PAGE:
Others, like former players Dick Clerkin and Michael Quirke questioned whether GAA players should be subjected to the same rigours of drug testing as professional and Olympic athletes, given that they were amateurs practising a hobby for no financial gain; and still others from inside the sport were wearied by the whole thing, as we already know that there’s no problem and all this drug talk is dragging the good name of players through the mud.

The myth of Irish Exceptionalism says that we can’t be dopers, because we’re sound lads altogether. We all know each other, we’re down to earth, “honest to God”, and would never bring the shame on the family.

Remember that nice Michelle Smith? How appalled we were at the questioning of this wonderful, sweet, red-haired Irish girl by those nasty Americans and our muckraking press? Wasn’t she from a good family in south Dublin? Sure Jimmy Magee swears by her!

Michael O'Reilly Michael O'Reilly was the first positive test of Rio 2016. Source: Tommy Dickson/INPHO

Once bitten, twice shy. We’re well capable. Hell, we even dope horses, and last summer in Michael O’Reilly we had the honour of giving the Rio Olympics its first positive test. Sport Ireland published a survey as part of their 2016 Anti-Doping report which said that 90% of athletes regarded doping was “cheating” and “morally wrong”.

What about the other 10%?!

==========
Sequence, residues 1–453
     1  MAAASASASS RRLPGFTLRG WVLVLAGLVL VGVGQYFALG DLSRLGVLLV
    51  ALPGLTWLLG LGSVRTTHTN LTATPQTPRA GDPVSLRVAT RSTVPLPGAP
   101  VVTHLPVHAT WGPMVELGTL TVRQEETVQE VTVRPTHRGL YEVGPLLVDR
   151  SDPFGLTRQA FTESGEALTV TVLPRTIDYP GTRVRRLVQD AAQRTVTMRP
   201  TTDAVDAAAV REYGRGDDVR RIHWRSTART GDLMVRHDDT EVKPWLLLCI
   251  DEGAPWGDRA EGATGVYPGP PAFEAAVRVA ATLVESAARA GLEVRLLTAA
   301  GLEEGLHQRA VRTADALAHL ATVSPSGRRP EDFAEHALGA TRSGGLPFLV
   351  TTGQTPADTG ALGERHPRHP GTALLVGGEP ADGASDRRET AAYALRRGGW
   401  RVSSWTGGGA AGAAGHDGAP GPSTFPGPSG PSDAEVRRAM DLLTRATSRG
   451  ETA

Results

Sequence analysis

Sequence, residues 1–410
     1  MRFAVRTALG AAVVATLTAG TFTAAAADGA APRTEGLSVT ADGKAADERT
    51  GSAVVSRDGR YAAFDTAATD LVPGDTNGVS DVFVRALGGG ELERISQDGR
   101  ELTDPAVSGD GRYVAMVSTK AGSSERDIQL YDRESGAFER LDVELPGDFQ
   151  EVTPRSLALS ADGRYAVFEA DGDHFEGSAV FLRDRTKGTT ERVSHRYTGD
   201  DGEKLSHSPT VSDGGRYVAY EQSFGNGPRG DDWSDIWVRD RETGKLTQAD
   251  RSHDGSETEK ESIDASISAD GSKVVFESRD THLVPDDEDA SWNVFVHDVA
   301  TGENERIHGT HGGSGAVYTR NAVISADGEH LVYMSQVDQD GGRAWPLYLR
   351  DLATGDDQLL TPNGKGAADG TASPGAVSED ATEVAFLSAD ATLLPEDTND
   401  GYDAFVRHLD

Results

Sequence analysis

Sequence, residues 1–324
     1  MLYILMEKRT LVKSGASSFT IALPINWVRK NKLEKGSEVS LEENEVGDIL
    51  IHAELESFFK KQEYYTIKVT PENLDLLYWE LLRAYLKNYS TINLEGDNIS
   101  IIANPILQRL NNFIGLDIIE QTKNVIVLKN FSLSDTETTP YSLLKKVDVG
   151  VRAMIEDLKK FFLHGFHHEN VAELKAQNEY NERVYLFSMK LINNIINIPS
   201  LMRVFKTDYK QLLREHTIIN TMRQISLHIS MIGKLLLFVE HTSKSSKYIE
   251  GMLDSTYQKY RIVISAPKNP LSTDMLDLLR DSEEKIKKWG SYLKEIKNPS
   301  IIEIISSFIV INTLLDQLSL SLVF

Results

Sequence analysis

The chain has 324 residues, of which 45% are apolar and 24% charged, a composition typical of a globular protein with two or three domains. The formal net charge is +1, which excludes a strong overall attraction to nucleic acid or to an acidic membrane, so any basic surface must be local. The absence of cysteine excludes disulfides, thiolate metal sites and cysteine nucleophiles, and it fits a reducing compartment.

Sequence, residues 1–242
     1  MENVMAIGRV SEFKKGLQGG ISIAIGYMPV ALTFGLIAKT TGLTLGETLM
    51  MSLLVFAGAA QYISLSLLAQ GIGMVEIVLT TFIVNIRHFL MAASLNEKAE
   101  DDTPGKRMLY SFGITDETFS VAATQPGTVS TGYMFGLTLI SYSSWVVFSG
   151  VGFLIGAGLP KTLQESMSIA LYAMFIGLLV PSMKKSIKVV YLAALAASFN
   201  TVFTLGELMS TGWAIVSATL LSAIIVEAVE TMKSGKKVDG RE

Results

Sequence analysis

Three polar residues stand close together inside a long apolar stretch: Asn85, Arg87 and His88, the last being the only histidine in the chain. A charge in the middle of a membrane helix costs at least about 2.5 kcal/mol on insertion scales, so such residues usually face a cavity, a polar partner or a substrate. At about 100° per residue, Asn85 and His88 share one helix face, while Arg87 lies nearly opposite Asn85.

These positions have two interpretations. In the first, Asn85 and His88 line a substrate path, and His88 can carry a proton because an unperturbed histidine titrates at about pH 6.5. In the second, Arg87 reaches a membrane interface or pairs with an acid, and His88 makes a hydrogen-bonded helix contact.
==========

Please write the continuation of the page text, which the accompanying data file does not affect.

We want to believe, because they are amateur players woven into the fabric of our society and not sequestered away in sinister foreign training camps, that GAA players couldn’t dope.

But imagine if the current anti-doping regime was relaxed. With the atmosphere around inter-county GAA teams becoming ever more rarified, is it really that difficult to imagine a time when a culture of doping took hold because, as was the case in cycling, it was easy to get away with it and impossible to succeed without it?

Or to imagine that the steroid culture rife in Irish gyms – where, let’s face it, many GAA players must spend more and more time – would seep into panels here and there?

Couldn’t the same ‘omerta’ develop as surrounds the issue of payments to managers, which is also illegal – financial doping, if you will – but is tolerated and persists precisely because it can’t be policed?

And in this scenario, can you imagine GAA players being subject to the type of nudge-and-wink cynicism that athletes from traditionally more drug-infested sports endure?

This last point is key. It’s about the good name of the whole being preserved at the expense of the unlucky or unscrupulous few. Sport Ireland only tested 97 GAA players in 2016, compared to 250 track and field athletes, which, given the greater numbers playing top level Gaelic games, seems preposterous.

If anything, scrutiny and testing of GAA players should be increased, because as things stand they remain one of the few genuinely special things about Ireland, the ability to lilt a bar of a song aside – an Irish Exceptionalism worth protecting, even if it is a pain in the ass.

Banned substance MHA not among ingredients in supplement taken by Kerry footballer

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About the author:

Tommy Martin